Association Between the Severity of Nocturnal Hypoxia in Obstructive Sleep Apnea and Non-Alcoholic Fatty Liver Damage
Dogan, Omer Tamer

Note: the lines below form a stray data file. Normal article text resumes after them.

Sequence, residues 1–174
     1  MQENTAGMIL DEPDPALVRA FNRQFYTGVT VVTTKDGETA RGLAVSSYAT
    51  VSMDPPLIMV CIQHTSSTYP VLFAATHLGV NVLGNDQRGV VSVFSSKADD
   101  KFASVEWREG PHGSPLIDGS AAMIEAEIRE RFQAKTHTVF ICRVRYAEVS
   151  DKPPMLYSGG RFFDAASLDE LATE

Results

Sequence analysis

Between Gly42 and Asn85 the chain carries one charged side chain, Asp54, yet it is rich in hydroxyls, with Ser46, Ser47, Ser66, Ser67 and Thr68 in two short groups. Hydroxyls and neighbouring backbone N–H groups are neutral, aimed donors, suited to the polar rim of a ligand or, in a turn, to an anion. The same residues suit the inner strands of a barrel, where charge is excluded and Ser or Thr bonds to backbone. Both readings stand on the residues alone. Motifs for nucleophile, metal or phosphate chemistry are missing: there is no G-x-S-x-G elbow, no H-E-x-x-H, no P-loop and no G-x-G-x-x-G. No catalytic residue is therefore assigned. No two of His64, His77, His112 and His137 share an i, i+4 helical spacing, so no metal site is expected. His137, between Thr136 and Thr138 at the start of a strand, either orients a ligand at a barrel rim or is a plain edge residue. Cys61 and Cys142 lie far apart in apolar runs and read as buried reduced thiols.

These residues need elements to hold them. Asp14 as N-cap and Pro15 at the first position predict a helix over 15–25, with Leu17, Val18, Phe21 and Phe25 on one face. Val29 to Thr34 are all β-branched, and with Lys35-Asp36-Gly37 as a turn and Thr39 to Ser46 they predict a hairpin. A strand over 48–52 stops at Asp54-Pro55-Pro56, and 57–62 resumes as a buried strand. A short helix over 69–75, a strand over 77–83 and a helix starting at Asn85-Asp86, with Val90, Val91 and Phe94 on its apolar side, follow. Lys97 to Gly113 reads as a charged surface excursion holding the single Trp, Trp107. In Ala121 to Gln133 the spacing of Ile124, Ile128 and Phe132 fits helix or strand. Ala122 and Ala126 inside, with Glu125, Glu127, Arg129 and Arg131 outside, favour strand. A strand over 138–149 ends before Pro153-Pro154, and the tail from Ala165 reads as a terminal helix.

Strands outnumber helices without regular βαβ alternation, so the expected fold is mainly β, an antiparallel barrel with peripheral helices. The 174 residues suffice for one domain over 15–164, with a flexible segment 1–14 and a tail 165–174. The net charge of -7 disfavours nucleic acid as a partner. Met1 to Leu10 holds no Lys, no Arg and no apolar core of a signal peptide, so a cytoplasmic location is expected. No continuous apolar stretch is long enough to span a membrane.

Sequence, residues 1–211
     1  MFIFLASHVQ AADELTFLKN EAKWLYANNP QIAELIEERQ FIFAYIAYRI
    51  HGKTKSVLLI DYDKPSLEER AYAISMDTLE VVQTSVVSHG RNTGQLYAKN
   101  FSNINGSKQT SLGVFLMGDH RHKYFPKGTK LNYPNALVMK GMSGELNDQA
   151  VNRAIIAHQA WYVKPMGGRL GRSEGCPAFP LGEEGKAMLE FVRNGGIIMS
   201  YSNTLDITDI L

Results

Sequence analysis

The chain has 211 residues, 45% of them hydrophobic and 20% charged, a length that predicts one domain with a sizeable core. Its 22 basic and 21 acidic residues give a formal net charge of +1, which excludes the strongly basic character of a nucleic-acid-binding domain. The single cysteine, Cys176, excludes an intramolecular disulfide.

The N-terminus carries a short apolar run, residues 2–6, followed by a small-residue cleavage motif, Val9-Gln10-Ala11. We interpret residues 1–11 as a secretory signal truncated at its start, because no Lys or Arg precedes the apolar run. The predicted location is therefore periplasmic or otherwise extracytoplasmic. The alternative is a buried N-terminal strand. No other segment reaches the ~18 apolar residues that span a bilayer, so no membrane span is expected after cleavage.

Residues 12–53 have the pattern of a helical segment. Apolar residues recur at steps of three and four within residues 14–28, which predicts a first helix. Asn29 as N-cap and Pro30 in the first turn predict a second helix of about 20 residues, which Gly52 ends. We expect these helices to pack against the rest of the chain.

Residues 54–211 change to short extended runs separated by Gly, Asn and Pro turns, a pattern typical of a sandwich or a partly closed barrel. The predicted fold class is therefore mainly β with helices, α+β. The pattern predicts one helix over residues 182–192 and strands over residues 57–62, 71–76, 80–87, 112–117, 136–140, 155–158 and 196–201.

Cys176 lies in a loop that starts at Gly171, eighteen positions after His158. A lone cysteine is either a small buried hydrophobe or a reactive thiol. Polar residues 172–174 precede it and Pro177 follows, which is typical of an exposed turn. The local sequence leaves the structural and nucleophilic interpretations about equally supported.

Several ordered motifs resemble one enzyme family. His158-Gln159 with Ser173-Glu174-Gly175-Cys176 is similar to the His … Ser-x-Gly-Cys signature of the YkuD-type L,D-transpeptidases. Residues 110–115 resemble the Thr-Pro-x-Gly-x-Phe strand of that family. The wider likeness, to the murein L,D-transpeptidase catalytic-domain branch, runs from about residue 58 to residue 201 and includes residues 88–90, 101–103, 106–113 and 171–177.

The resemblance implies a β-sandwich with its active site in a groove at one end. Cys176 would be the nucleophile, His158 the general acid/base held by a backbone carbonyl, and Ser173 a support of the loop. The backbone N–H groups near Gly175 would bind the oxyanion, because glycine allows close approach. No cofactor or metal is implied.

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Background: Obstructive sleep apnea (OSA) is a major disease that can cause significant mortality and morbidity. Chronic intermittent hypoxia is a potential causal factor in the progression from fatty liver to nonalcoholic steatohepatitis. Objectives: This study evaluated the association between the degree of liver steatosis and severity of nocturnal hypoxia. Patients and Methods: In this study, between December 2011 and December 2013, patients with ultrasound-diagnosed NAFLD evaluated by standart polysomnography were subsequentally recorded. Patients with alcohol use, viral hepatitis and other chronic liver diseases were excluded. We analyzed polysomnographic parameters, steatosis level and severity of obstructive sleep apnea (OSA) in consideration of body mass index (BMI), biochemical tests and ultrasonographic liver data of 137 subjects. Patients with sleep apnea and AHI scores of <5, 5 -14, 15 - 29 and = 30 are categorized as control, mild, moderate and severe, respectively. Results: One hundred and thirty-seven patients (76 women, 61 men) with a mean age of 55.75 +/- 10.13 years who underwent polysomnography were included in the study. Of 118 patients diagnosed with OSA, 19 (16.1%) had mild OSA, 39 (33.1%) moderate OSA and 60 (50.8%) severe OSA. Nineteen cases formed the control group. Apnea/hypopnea index and oxygen desaturation index (ODI) values were significantly higher in moderate and severe non-alcoholic fatty liver disease (NAFLD) compared to the non-NAFLD group. Mean nocturnal SpO(2) values were significantly lower in mild NAFLD and severe NAFLD compared to the non-NAFLD group. Lowest O-2 saturation (LaSO2) was found low in mild, moderate and severe NAFLD compared to the non-NAFLD group in a statistically significant manner. Conclusions: We assessed polysomnographic parameters of AHI, ODI, LaSO2 and mean nocturnal SpO(2) levels, which are especially important in the association between NAFLD and OSAS. We think that it is necessary to be attentive regarding NAFLD development and progression in patients with OSA whose nocturnal hypoxia is severe.